There is a significant industry which has grown up to take care of snow removal, from truck and tractor manufacturers, snowplow suppliers and snow removal professionals who provide their services to mall and apartment operators, and even to private individuals to take care of their snow and ice removal problems.





Typically, these companies work on annual contracts with their clients and set their staff and equipment requirements based on their contracts. Many are engaged in other duties during the summer months, such as earth removal and landscaping and convert their equipment to snow removal duties as the winter approaches.

Preparation is the key in their operation and these businesses keep a close ear to the weather reports to ensure they have the necessary staff and equipment ready when the storm hits. Typically, these companies have staff at work throughout the storm, not allowing the snow to build up, ensuring that, in the case of malls, staff and customers will be able to safely arrive and depart during business hours and in the case of apartments, that residents will be able to leave and arrive at their parking areas when they need to.

Typically, these snow removal companies will make a number of visits to a clients property, ensuring the snow buildup is managed and that salting and chemical treatment is provided after the snow clearing if necessary.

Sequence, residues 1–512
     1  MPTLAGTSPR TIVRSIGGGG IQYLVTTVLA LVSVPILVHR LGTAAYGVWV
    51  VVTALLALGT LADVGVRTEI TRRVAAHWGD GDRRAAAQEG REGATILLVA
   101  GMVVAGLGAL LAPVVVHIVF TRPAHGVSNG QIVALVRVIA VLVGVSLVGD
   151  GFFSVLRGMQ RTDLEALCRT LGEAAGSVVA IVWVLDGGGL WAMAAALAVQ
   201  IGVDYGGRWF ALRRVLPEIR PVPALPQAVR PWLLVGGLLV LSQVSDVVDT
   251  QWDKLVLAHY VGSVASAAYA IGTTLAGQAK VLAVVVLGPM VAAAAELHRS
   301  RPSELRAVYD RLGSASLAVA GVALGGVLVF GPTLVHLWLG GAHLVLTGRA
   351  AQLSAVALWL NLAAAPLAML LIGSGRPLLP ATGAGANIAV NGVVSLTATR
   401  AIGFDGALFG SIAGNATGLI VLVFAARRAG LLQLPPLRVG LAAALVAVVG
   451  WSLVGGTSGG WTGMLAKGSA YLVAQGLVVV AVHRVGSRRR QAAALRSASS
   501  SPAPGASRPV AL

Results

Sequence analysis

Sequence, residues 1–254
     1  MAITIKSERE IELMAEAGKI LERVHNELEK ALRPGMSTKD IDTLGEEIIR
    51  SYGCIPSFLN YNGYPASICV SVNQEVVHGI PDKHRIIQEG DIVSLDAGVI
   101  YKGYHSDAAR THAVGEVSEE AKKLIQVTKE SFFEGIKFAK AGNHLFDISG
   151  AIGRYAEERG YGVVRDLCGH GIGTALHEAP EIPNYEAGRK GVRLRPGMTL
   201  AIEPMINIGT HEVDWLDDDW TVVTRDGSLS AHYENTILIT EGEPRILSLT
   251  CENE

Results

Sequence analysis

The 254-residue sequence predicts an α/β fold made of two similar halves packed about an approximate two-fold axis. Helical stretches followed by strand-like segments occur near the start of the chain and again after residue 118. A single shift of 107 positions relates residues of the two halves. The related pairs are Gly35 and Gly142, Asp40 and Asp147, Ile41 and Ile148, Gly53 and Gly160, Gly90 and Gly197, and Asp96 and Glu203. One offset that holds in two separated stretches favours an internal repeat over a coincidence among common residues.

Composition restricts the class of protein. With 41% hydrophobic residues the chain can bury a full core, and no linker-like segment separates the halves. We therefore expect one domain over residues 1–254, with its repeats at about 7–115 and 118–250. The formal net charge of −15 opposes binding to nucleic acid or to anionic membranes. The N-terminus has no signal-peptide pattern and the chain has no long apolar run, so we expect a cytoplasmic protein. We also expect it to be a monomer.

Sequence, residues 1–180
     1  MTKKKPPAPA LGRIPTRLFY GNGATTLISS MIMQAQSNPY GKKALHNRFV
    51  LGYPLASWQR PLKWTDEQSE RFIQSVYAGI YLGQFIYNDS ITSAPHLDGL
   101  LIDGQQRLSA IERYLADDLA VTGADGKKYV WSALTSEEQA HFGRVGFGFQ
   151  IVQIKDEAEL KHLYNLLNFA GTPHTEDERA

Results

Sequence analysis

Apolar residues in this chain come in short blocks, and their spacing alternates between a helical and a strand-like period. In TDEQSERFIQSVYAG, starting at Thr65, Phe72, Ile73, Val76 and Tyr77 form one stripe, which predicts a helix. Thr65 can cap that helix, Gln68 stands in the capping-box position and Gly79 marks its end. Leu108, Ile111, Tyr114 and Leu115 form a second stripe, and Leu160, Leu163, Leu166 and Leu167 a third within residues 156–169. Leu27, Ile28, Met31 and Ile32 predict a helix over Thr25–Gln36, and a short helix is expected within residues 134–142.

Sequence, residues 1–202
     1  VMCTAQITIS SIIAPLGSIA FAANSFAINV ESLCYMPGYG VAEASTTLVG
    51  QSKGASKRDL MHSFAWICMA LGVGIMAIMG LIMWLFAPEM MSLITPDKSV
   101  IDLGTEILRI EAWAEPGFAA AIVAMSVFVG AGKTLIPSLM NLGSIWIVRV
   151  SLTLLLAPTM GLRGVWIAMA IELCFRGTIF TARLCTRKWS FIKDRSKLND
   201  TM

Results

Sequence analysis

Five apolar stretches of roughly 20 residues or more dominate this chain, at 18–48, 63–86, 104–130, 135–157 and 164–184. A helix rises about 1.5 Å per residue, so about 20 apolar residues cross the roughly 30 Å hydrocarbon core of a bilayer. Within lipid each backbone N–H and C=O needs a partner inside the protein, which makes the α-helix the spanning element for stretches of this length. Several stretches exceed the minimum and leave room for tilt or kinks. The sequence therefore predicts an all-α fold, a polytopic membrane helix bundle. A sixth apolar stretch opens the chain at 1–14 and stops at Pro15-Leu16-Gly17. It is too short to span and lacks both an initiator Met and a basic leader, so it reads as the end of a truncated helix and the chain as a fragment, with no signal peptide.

Most service stations, especially those with service bay areas and service vehicles, are equipped to take care of their own needs in keeping their stations and gas pumps available to their customers, and many also hire out their services to other businesses and individuals to take care of their snow removal needs. It is also a known fact that service calls increase during storms for stalled and stuck vehicles.





Whether you are a professional snow removal operator, or an individual dealing with your own snow, it is important that snow removal equipment is ready to go before the first snow arrives. Provincial highway departments, municipal works offices and professional snow removal companies cannot afford to delay having equipment and staff ready for the inevitable snowstorm.

The public expects their roads to be plowed as soon as the first snow falls. Likewise, people expect to be able to get out of the mall parking lot after working or shopping there, and they expect to be able to get their car into their parking lot when they get home to their apartment complex.

To that end, long before we have enjoyed our last day at the beach, or have burned our last steak on the BBQ, snow removal professionals have been busy checking and rechecking their snow removal equipment, making sure everything is in good order.

These preparations usually begin in July and in some cases earlier. Companies who sell the plows, accessories, and trucks claim their busiest order months are June and July. All to ensure that you and I are able to get to work when we are needed, and return safely home at the end of our working day. Life in Atlantic Canada would be much more difficult were it not for the snow removal professionals.

So if another “White Juan” strikes like it did in ’04 folks, just stay inside the comfort of your home, and wait for the professionals to do their thing.